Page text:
WQP: What is the greatest challenge that you think your business will face in the next year?
Vincent Kent: I feel the greatest challenge for most water treatment dealers will be the return of the housing market. If you’re a dealer that is presently not involved in other avenues of water treatment, such as the commercial, industrial or the bid and spec market, it’s going to be very challenging for a dealer to survive with the housing market alone.
I think the biggest challenge for dealerships today will be to increase market share in the commercial and industrial line as the housing market continues its downward slide.
WQP: How has the declining housing market affected water treatment dealers?
Kent: I think for many dealers it has had a negative effect, especially if you’re a water treatment dealer trying to compete in the sales end of the industry and you do not offer rentals or leasing programs. Most consumers do not have the extra money, nor do they want to roll it into their mortgage because they’ve already stretched their mortgage as far as they can. So if you’re a water dealer that specializes in sales only, you’re going to have a hard time.
For me, as a water treatment dealer, I specialize in rentals and sales, so it becomes easier to weather the storm during the down times when you have the rental-based business as well as the salt business, the bottled water business and the reoccurring filter changes.
WQP: In your opinion, what are the most important industry topics that will affect your business in the coming year?
Kent: I think that the assurance that the positioning between the National Onsite Wastewater Recycling Association (NOWRA) and the Water Quality Association (WQA) will finally have science determine what the truth is between water softeners, and its effect on septic systems has a definite impact on the water treatment industry. I think the WQA and NOWRA have taken the correct and responsible position to let the science be the determining factor in this case study. No longer will it be any finger pointing, it will be the science that will tell us the true effects that water softeners have on septic systems.
The bottled water industry also certainly plays a role. The industry is presently going through tremendous amounts of scrutiny over the bottles, whether the bottles are detrimental to people’s health and whether they are causing problems with landfills. I think that the International Bottled Water Association has done a very good job of allowing the facts and the sciences of bottles to speak the truth.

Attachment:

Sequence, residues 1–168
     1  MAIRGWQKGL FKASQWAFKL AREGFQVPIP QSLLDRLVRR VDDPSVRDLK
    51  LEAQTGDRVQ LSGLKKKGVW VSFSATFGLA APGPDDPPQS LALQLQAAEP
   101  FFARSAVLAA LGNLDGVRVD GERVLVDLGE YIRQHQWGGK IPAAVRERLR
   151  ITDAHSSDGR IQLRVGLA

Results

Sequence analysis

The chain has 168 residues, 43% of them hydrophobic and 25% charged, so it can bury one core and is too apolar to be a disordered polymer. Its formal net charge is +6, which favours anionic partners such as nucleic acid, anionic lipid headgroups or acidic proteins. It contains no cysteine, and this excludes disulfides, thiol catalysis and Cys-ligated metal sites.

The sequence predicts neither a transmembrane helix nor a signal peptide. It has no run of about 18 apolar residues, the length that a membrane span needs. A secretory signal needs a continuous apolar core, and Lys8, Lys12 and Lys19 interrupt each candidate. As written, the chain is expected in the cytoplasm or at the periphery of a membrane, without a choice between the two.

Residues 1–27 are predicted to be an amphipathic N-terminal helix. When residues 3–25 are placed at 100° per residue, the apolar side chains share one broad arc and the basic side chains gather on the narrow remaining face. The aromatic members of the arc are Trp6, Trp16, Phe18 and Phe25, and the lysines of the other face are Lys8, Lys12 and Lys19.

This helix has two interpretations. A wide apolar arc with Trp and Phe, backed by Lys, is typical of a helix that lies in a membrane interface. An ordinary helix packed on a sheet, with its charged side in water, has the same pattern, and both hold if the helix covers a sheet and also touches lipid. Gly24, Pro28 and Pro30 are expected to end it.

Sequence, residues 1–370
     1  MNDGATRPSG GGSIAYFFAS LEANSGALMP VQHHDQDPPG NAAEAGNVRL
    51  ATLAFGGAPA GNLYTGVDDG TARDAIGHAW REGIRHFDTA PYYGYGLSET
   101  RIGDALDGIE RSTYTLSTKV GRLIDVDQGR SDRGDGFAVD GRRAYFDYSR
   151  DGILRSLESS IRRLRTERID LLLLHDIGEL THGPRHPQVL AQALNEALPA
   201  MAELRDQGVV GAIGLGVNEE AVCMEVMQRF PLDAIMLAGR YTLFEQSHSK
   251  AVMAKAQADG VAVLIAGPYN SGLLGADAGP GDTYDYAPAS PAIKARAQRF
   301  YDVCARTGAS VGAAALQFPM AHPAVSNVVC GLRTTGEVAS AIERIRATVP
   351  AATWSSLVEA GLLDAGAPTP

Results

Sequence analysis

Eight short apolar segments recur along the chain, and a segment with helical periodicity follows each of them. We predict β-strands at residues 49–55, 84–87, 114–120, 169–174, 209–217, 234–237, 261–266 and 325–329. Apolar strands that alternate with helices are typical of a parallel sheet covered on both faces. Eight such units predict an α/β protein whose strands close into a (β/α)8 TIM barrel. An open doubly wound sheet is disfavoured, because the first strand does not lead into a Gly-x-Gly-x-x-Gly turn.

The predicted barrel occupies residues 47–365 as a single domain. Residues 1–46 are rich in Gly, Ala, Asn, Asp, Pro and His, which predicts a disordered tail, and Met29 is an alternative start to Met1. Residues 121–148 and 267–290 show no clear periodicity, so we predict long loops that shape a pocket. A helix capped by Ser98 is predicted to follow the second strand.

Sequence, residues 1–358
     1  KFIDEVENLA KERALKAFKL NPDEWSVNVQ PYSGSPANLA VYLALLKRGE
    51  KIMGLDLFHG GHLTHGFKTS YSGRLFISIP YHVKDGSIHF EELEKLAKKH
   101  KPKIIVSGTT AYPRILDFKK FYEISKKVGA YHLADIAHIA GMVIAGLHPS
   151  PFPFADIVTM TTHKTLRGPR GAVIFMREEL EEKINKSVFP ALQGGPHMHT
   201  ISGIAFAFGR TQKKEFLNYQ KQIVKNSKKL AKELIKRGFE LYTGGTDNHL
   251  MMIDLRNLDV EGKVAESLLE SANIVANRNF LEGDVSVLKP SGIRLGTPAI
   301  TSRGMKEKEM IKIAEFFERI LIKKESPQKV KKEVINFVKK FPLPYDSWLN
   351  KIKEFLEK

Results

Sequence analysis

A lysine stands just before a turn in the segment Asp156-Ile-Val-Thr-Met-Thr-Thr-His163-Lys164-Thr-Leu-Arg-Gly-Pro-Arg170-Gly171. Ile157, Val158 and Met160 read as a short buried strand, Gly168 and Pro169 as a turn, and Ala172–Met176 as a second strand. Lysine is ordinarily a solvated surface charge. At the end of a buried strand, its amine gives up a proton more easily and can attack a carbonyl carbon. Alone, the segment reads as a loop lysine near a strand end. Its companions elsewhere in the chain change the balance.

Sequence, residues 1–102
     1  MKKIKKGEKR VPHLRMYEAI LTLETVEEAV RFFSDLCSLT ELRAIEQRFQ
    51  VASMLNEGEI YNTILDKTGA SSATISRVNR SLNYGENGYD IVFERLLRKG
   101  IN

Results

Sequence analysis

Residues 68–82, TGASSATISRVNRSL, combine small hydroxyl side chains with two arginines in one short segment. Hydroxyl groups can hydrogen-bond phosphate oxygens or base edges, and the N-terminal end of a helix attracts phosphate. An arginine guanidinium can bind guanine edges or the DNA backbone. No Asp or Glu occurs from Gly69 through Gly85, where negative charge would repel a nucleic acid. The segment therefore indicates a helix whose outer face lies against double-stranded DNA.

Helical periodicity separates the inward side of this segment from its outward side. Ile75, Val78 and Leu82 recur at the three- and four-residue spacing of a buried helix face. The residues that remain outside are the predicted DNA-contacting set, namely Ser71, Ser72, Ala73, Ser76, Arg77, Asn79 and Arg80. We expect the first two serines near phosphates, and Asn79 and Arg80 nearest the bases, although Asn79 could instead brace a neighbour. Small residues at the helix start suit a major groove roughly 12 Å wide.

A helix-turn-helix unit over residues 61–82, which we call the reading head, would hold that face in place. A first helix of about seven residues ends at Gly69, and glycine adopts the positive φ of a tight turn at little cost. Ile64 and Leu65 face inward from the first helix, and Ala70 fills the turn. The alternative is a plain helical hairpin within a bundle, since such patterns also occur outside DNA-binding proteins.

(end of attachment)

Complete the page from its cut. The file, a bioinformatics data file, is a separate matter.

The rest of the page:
The bottled water portion of my business is of tremendous growth, and I think that as a water treatment dealer, I believe that bottled water has to be a part of your industry. I think that you are in the water treatment business and bottled water is one aspect of water treatment. I looked a number of years ago at selling off all of my accounts in my bottled water business; however, it’s not what my customers wanted. Therefore, we stayed in it, and we have seen our bottled water continue to grow at 10 to 12% per year. I do not think the bottled water industry will hurt us as dealers, and I think that it should be a part of most dealers’ product lines.
WQP: As a water treatment dealer, what are your predictions for the industry in 2008?
Kent: I think dealers are going to have some exciting opportunities presented before them with the launch of the new Commercial Certified Water Specialist program that is now being handled by the dealer section of the WQA. I think it is going to give dealers a new opportunity to enter into the bid and spec market and go directly after the big jobs and not allow the OEMs or manufacturers to bypass them.
I also think there are some future opportunities for dealers in the industrial market, and I think that the continued growth of the WQA Find a Professional program will be of tremendous growth for any member dealer.
For more information, contact Vincent Kent, president of Abendroth Water Conditioning, Inc., at 920.563.2507, or by e-mail at firstname.lastname@example.org .